Yes, Outernet is curated content, and so it’s not at all the same experience as the web. But for the right use case, this little package might just do the job. And with a BOM that rings up at $100, the price is right for experimenting.

[via r/raspberry_pi]

Filed under: misc hacks

Five-Watt SDR Transciever for Hams

The availability of cheap SDR hardware created a flourishing ecosystem for SDR software, but a lot of the hardware driving the revolution was still “cheap”. In the last few years, we’ve seen quality gear replacing the TV dongles in many setups, and down-converters designed for them to allow them to work on the ham bands.

But something that’s purpose-built might be a better option if ham radio, particularly the shortwave portion thereof, is your goal. First off, you might want to transmit, which none of the TV dongles allow. Then, you might want a bit of power. Finally, if you’re serious about short-wave, you care more about the audio quality than you do immense bandwidth, so you’re going to want some good filters on the receiving end to help you pull the signal out of all the noise.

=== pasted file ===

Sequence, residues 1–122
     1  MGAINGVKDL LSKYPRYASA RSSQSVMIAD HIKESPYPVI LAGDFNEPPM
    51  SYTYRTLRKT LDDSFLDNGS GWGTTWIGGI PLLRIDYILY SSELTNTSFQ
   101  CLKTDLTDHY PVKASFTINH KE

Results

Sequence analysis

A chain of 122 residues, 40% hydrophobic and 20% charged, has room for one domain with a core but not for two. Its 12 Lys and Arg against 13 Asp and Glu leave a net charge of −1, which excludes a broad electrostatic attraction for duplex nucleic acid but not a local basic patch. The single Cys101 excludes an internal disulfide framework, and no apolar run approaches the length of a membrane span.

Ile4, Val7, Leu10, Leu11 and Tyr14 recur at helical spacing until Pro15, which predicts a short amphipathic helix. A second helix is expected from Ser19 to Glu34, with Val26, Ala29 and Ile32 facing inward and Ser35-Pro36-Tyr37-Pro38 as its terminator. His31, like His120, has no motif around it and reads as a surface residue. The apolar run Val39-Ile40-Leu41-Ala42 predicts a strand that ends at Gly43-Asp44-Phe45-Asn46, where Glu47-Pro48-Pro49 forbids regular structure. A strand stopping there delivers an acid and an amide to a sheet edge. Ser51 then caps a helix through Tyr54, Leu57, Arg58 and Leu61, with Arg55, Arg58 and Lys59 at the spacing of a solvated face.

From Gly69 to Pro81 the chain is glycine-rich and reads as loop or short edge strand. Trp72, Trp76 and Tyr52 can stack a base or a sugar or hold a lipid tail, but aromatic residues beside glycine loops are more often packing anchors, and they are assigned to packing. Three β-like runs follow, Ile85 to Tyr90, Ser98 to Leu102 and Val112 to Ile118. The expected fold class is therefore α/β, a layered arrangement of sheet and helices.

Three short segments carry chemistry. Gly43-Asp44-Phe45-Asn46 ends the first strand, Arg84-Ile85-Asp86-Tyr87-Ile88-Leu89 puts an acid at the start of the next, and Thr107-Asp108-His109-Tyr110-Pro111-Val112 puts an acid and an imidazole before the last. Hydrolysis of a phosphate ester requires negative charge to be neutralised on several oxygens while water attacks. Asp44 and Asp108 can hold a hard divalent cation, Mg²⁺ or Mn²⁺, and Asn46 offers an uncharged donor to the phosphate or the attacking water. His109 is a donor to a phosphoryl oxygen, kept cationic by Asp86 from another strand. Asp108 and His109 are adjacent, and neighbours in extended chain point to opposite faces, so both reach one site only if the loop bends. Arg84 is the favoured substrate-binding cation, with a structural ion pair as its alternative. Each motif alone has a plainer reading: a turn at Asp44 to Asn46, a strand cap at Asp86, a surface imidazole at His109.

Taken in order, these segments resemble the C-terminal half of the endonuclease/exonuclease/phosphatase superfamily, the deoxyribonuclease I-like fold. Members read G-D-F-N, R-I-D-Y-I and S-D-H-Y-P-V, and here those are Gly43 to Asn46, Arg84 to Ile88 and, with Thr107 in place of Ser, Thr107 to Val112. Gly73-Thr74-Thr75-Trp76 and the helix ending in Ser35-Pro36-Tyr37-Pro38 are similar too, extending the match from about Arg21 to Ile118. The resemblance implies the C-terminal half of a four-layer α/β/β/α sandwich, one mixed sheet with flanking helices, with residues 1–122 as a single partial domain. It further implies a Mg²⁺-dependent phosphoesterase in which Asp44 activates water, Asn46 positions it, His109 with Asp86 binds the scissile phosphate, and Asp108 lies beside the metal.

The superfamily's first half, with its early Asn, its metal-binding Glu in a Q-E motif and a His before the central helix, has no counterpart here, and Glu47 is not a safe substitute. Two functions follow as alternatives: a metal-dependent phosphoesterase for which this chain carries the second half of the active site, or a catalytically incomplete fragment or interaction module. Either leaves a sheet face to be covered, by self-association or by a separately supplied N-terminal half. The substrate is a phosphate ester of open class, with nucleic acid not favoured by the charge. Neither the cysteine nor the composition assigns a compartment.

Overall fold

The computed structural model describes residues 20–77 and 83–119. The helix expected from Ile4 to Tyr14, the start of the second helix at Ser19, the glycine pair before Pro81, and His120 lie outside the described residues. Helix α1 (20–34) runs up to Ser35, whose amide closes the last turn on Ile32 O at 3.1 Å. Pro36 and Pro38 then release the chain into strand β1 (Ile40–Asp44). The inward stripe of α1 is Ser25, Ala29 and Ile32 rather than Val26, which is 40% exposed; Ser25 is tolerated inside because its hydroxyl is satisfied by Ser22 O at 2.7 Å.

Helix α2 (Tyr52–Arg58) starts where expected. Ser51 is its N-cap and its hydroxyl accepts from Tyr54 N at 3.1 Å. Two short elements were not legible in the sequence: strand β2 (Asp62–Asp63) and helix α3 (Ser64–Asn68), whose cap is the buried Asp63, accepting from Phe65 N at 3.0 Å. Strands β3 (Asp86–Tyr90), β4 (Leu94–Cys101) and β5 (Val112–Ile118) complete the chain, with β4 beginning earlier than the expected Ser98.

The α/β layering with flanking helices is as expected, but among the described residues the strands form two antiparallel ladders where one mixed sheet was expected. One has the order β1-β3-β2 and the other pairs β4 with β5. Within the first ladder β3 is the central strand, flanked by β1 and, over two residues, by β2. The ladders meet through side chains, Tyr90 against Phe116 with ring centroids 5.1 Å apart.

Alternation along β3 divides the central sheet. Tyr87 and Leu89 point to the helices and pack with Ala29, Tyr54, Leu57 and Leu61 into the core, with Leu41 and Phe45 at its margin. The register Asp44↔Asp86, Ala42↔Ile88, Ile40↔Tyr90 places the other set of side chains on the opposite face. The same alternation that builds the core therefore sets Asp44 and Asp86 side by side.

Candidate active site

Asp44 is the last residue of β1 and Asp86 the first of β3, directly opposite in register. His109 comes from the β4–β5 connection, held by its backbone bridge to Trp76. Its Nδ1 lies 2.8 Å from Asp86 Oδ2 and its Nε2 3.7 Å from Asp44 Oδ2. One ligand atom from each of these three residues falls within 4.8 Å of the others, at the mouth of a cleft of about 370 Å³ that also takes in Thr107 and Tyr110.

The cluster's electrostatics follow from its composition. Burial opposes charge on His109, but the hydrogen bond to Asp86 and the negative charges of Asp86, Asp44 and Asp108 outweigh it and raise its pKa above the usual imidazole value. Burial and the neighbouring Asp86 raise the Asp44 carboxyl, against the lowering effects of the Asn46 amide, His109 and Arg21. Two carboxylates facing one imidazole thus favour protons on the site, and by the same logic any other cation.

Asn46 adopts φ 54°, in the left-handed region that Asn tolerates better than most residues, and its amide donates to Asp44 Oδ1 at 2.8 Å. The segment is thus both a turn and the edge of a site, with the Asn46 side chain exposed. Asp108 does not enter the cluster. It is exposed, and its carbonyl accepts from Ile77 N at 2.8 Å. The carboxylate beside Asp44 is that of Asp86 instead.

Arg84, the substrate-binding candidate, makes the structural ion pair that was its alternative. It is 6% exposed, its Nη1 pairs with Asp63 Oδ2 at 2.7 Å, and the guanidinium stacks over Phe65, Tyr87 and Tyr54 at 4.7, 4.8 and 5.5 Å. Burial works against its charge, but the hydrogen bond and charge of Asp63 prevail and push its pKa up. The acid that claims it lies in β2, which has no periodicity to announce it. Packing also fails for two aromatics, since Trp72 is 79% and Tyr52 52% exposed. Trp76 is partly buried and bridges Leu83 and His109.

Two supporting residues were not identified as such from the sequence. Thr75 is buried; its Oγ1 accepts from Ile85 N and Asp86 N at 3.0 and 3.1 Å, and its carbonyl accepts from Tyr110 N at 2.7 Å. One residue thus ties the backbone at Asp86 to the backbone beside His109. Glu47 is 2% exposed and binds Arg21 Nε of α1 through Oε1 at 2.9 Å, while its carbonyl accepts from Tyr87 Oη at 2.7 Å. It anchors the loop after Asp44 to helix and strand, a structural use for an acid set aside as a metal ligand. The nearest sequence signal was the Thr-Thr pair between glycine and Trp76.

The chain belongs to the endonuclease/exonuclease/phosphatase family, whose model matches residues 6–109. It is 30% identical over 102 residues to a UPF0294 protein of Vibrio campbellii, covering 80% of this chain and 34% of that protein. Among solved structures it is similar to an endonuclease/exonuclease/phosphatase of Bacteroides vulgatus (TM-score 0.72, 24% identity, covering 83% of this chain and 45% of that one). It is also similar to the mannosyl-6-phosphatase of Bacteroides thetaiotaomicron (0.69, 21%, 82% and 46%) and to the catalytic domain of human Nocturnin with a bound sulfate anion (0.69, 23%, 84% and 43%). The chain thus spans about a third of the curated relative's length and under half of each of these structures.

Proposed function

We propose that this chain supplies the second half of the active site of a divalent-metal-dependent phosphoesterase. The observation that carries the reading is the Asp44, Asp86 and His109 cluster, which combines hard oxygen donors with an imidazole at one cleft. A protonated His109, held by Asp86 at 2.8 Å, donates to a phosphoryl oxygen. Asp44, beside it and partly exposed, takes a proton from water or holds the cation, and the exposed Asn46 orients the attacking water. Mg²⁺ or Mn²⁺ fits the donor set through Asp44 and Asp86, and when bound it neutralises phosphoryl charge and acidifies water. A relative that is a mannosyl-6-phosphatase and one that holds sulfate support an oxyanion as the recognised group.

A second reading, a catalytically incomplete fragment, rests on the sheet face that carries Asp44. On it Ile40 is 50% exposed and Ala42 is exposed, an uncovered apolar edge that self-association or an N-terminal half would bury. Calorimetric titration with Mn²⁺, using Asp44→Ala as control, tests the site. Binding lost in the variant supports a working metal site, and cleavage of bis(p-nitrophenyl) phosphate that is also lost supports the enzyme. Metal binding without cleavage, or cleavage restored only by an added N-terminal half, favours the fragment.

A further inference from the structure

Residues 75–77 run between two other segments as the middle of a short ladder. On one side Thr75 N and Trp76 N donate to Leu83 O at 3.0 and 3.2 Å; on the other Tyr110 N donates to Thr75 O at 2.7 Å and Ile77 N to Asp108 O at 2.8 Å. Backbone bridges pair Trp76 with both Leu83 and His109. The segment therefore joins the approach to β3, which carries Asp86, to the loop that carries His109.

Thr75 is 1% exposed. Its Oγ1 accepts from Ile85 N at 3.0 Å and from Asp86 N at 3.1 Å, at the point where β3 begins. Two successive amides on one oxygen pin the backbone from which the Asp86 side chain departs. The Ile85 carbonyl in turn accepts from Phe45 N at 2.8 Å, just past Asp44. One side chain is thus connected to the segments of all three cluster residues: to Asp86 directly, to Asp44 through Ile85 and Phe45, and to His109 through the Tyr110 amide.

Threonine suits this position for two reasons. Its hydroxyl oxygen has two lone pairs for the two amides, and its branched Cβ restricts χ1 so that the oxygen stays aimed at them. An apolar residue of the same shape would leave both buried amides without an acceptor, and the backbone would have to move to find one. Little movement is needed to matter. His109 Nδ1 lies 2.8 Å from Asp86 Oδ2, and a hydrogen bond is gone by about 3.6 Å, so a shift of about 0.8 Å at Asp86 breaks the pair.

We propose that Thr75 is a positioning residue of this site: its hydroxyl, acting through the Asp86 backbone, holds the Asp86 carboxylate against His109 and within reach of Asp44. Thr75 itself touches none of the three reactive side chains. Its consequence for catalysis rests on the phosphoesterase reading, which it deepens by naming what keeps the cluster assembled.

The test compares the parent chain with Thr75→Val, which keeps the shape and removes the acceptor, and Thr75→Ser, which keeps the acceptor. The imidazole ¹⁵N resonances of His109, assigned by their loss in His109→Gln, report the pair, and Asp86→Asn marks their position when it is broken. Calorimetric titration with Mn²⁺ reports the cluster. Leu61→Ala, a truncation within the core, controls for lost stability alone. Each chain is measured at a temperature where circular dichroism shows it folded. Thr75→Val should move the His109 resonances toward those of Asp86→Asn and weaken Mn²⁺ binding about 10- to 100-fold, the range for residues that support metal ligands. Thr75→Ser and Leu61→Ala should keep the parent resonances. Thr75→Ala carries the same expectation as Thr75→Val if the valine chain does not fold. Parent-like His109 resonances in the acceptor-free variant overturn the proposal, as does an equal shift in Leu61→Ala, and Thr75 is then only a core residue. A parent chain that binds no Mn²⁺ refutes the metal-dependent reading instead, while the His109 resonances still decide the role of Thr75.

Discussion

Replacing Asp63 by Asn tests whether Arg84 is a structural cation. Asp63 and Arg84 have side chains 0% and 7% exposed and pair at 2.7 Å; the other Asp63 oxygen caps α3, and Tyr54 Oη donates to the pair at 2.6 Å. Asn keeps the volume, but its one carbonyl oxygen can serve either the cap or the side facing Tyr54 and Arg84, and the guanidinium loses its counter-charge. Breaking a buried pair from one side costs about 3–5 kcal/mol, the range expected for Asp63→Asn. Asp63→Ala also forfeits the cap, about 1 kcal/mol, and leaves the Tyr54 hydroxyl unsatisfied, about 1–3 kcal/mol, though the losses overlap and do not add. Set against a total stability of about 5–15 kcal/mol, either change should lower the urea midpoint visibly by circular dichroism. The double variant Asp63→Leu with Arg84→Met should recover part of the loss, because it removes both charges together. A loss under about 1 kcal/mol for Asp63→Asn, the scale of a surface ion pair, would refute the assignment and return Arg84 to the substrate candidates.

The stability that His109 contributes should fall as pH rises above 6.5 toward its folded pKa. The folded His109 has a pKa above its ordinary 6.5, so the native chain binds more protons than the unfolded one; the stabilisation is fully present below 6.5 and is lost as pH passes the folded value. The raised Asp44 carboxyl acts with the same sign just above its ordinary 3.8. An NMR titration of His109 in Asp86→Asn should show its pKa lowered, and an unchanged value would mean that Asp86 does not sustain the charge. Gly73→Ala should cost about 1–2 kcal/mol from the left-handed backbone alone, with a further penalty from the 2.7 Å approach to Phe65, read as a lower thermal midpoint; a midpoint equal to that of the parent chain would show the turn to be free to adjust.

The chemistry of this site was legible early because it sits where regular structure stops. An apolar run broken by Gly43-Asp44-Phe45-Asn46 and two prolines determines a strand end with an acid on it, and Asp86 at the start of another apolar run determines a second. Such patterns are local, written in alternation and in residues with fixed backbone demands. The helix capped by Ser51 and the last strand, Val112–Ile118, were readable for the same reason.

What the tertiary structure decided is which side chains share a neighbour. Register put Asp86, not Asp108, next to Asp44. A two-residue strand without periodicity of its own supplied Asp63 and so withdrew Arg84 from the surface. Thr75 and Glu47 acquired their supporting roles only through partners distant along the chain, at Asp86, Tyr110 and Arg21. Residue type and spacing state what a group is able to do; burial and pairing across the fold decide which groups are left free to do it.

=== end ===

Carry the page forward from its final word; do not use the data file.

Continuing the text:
rs-hfiq_block_diagram_featuredThe RS-HFIQ 5 W SDR transciever might be for you. It’s up on Kickstarter right now, and it’s worth looking at if you want a fully open source (schematics, firmware, and software) shortwave SDR rig. It’s also compatible with various open frontends.

The single-board radio isn’t really a full SDR in our mind — it demodulates the radio signal and sends a 96 kHz IQ signal across to your computer’s soundcard where it gets sampled and fully decoded. The advantage of this is that purpose-built audio rate DACs have comparatively high resolution for the money, but the disadvantage is that you’re limited to 96 kHz of spectrum into the computer. That’s great for voice and code transmissions, but won’t cut it for high-bandwidth data or frequency hopping applications. But that’s a reasonable design tradeoff for a shortwave.

Still, an SDR like this is a far cry from how simple a shortwave radio can be. But if you’re looking to build up your own SDR-based shortwave setup, and you’d like to hack on the controls more than on the radio itself, this looks like a good start.

Filed under: radio hacks